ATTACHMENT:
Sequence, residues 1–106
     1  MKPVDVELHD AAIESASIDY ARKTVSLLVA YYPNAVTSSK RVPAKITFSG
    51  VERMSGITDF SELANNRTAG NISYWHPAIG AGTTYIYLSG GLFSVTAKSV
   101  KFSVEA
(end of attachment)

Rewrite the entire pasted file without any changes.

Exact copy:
Sequence, residues 1–106
     1  MKPVDVELHD AAIESASIDY ARKTVSLLVA YYPNAVTSSK RVPAKITFSG
    51  VERMSGITDF SELANNRTAG NISYWHPAIG AGTTYIYLSG GLFSVTAKSV
   101  KFSVEA